It’s the beautiful and peculiar characters of this novel that made me love it. It’s the way the bakery and the town feel like characters in their own. It is the writing and the luscious descriptions. It is brand of a family saga that I love. A style of magical realism that is so flawless and works really well for me. There’s just so much that worked for me yet I have a hard time feeling like I could do it justice because it truly is that kind of book that you just have to try for yourself and feel the magic mesmerize you.

 

a6RATING-loved-it

factors+ prose, the flawless magical realism, the characters, the story
–  maybe more Ava after adolescence in a prologue or something. 

Should you read it? I think so but I know it’s totally not going to be everyone’s thing. If you are okay with something that isn’t like much out there in YA…I say yes! If you love magical realism, absolutely!

Should you buy it or borrow it? I plan to keep my copy on my shelf because I could see myself wanting a reread one day but if you are new to the genre I will say borrow it. If you KNOW you love whimsical and peculiar stories then I say buy it.


a5fans of magical realism (especially if you like the generational sagas of Gabriel Garcia Marquez), readers who are okay with a meandering plot for the first half, fans of things that are whimsical and strange, people who like gorgeous prose, readers who are looking for something different in their YA diet

a8I know this won’t be a book for everyone but I truly loved it — the story of 3 generations of women, the magic so perfectly woven throughout, the gamut of emotions it made me experience, the beautiful prose. It certainly made me fall in love with magical realism all over again. If you are new to magical realism and I’ve piqued your interest…I’d definitely start with this one! I read it for my book club and I’m excited to see what everyone thought!

review-on-post-itava-lavender-review

 

a8j* Have you read this one? What did you think? Similar or different from me? I would LOVE to hear regardless! Who was your favorite character? Did anyone else just want to smoosh Vivienne and a certain someone together and be like OPEN YO EYES?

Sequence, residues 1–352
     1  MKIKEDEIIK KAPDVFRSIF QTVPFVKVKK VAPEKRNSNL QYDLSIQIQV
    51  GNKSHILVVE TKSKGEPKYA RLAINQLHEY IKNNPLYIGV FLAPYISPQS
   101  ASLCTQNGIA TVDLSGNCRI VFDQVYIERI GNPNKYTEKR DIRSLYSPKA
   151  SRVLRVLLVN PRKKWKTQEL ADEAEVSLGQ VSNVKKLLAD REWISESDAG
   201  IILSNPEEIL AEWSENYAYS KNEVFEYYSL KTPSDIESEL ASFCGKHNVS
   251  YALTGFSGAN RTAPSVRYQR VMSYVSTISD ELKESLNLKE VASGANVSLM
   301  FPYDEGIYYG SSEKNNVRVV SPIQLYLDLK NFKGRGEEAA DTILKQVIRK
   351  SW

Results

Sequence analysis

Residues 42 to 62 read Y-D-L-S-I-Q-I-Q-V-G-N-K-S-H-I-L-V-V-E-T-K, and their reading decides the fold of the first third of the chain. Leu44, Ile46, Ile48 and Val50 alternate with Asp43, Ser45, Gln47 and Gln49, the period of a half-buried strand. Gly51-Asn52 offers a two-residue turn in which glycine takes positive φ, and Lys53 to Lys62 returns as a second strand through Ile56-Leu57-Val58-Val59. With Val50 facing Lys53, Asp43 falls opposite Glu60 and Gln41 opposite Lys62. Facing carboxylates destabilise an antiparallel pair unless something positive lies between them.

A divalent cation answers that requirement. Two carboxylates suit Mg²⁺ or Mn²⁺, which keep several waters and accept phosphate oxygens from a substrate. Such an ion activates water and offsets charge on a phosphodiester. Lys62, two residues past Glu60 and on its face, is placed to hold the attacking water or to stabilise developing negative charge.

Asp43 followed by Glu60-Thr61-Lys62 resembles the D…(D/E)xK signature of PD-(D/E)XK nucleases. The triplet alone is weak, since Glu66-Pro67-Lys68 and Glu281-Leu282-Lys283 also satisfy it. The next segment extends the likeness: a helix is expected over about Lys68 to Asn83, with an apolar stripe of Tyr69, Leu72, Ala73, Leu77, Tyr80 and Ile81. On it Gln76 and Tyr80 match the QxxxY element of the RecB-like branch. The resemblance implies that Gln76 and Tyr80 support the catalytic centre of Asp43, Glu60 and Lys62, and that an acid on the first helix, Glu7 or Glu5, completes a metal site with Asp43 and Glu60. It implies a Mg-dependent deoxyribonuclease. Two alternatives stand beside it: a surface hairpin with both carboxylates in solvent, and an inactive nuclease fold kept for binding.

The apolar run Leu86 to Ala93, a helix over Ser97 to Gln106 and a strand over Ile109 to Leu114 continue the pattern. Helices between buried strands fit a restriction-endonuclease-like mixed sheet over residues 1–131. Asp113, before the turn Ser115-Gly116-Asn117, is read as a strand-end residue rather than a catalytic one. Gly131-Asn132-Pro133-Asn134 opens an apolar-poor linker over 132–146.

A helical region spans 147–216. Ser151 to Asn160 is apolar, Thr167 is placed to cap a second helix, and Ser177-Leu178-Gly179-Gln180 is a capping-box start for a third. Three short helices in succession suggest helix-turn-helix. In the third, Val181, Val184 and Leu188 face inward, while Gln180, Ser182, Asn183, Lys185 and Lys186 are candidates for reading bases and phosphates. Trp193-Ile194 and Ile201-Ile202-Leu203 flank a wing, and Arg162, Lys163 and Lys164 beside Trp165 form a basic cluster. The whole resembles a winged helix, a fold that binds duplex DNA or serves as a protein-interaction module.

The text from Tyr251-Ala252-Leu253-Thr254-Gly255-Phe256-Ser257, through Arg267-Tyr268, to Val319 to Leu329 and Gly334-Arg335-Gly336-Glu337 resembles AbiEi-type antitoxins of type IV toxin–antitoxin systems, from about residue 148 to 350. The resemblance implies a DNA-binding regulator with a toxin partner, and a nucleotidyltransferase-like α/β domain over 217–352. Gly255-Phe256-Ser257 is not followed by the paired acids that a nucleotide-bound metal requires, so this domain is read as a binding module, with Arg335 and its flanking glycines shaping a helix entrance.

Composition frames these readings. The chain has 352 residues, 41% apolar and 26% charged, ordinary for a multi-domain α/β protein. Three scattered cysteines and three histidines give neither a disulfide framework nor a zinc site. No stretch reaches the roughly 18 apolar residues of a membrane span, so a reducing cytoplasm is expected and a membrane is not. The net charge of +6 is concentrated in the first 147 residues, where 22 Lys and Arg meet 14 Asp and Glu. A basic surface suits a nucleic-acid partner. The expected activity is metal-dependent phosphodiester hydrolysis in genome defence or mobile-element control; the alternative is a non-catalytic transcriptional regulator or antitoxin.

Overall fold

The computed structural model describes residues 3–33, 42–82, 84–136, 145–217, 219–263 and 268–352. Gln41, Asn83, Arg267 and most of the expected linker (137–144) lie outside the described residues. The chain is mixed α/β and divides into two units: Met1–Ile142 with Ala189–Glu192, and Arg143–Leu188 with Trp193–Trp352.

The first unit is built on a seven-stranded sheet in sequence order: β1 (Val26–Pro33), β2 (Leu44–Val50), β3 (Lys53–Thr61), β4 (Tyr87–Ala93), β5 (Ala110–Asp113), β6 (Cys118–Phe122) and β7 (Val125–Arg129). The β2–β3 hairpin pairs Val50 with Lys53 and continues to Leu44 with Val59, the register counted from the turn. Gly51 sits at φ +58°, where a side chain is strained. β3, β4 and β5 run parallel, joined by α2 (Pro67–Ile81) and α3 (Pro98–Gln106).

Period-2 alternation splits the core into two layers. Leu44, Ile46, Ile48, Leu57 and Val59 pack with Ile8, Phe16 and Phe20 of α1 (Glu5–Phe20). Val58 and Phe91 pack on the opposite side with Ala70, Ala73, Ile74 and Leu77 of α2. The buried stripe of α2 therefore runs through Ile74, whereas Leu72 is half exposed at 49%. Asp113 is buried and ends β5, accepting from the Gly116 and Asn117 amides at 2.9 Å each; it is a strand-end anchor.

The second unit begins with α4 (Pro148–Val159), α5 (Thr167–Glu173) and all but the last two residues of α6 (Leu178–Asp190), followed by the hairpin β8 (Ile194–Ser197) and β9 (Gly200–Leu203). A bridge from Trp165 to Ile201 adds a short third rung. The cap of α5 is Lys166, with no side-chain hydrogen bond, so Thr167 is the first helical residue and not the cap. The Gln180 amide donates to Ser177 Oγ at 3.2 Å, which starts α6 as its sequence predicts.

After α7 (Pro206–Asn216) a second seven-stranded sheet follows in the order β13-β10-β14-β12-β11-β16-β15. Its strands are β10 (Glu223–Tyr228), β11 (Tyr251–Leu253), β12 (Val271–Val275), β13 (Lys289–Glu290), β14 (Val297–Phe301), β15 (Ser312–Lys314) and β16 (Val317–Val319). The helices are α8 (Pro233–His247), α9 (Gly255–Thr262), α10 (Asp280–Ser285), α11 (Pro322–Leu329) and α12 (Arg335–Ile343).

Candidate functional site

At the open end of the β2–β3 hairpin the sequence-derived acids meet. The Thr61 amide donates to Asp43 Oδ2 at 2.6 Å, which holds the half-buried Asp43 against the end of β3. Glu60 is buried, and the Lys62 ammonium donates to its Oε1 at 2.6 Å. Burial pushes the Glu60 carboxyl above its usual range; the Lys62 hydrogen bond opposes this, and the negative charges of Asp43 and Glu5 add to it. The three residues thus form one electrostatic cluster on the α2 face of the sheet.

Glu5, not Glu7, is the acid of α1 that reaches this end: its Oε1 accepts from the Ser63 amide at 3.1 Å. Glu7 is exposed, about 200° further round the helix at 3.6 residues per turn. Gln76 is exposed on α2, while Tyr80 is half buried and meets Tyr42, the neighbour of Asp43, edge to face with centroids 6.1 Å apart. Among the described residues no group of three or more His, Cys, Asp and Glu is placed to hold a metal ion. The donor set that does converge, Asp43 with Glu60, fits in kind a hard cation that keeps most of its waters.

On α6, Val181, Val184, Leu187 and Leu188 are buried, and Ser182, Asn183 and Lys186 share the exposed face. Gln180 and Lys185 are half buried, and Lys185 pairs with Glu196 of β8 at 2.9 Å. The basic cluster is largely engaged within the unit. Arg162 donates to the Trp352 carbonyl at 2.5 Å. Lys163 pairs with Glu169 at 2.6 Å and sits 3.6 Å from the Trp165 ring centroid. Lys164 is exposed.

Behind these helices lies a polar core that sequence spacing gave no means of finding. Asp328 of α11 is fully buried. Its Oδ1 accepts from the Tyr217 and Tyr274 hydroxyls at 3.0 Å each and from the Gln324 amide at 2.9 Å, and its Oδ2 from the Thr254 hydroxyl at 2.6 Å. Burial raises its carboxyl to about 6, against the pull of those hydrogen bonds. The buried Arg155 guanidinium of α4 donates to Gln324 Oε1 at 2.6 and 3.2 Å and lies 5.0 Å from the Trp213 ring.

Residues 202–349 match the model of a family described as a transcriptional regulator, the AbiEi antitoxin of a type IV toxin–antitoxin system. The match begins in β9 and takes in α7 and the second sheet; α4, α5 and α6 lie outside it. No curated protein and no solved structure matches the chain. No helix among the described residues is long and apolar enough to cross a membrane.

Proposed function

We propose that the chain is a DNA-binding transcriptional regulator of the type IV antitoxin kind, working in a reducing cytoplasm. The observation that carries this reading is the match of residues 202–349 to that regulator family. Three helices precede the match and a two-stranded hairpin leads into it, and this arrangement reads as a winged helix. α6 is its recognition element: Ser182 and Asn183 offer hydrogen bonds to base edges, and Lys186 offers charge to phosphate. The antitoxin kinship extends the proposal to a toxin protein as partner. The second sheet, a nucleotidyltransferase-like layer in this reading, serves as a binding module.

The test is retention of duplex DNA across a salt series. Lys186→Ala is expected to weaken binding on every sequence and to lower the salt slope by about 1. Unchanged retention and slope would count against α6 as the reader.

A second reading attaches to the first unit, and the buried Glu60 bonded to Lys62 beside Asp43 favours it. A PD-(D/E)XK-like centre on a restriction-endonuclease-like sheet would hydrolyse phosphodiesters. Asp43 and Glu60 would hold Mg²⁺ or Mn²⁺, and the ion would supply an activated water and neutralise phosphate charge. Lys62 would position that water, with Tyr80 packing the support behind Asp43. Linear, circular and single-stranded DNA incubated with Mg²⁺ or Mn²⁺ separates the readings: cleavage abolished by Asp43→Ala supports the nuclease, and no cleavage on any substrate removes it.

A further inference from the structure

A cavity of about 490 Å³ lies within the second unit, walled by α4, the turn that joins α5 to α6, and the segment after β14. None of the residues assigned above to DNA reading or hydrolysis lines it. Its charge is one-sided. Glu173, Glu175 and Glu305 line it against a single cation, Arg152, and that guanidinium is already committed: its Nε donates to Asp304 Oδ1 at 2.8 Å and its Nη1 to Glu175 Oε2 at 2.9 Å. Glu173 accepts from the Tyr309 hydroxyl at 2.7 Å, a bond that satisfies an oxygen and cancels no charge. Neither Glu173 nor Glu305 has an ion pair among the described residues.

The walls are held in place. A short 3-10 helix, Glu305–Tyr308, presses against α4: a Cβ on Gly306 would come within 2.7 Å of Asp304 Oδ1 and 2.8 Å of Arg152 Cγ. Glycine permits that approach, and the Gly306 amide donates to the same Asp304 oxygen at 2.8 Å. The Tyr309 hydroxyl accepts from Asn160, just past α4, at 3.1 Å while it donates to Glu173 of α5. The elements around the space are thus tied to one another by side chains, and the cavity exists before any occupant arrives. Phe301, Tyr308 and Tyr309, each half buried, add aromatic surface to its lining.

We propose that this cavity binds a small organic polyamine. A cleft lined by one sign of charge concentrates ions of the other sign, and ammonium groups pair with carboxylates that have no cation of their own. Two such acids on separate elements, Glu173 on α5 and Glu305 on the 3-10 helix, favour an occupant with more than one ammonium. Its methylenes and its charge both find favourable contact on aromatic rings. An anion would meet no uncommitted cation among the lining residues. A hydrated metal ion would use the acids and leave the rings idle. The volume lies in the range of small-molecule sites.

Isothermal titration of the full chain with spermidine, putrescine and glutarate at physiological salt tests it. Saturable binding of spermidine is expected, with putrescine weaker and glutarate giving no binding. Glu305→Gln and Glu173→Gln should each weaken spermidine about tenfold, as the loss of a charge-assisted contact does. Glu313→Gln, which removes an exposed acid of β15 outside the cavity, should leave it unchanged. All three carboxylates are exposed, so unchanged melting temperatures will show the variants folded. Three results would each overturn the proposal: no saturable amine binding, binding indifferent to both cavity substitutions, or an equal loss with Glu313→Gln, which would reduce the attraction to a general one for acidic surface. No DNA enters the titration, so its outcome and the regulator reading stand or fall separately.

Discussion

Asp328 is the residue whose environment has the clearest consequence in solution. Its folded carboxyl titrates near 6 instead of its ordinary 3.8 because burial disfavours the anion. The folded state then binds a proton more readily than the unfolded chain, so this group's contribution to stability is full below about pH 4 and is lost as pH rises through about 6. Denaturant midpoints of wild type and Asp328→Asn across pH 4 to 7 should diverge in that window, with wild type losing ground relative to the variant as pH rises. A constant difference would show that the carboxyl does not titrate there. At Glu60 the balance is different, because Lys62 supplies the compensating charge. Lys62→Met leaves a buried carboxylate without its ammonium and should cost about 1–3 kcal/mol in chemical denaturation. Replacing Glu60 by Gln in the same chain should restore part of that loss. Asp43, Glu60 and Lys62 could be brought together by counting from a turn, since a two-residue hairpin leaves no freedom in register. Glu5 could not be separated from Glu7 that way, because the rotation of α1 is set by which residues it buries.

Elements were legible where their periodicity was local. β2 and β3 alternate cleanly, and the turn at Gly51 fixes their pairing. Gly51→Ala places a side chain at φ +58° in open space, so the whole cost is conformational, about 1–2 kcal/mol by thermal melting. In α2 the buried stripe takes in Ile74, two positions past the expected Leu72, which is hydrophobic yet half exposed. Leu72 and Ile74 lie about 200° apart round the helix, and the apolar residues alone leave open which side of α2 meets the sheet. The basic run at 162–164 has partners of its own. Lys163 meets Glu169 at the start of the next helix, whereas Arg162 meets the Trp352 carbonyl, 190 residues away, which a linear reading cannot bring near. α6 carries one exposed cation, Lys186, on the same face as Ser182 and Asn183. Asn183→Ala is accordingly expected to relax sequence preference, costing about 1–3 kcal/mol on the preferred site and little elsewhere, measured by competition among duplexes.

*If you haven’t read it, does it feel like something you’d be into?
Tell me some of your favorite magical realism books!

 

 


The Perpetual Page-Turner

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About Jamie

Jamie is a 30 year old married lady who is in denial that she's actually that old. When she's not reading you can find her doing Pilates followed by eating ice cream, listening to music with oversized headphones and having adventures with her husband and dog.

Comments

  1. Thank you for the recommendation. I love love love Gabriel García Márquez. I bought the book immediately and I’m excited to read it! BTW, I love your blog.

  2. I completely agree. This book is so beautiful
    It’s the kind of book you wish you could read over and over like the first time.

  3. I bought this a couple of days ago because it is a $1.99 ebook right now. I am glad it gets your stamp of approval! I am keeping my eye out on bookoutlet for a hardcover because it is so pretty. Thanks for the review.. I will be moving this up on my TBR. 👍

  4. $1.99 AND magical realism, I’m in. I’m a big fan of Gabriel Garcia Marquez, Isabel Allende, and Jose Saramago who I suspect are the holy trinity of magical realism books, so if there’s a YA magical realism book I’d love to read it. With this book and Bone Gap, I hope YA magical realism is becoming more of a trend.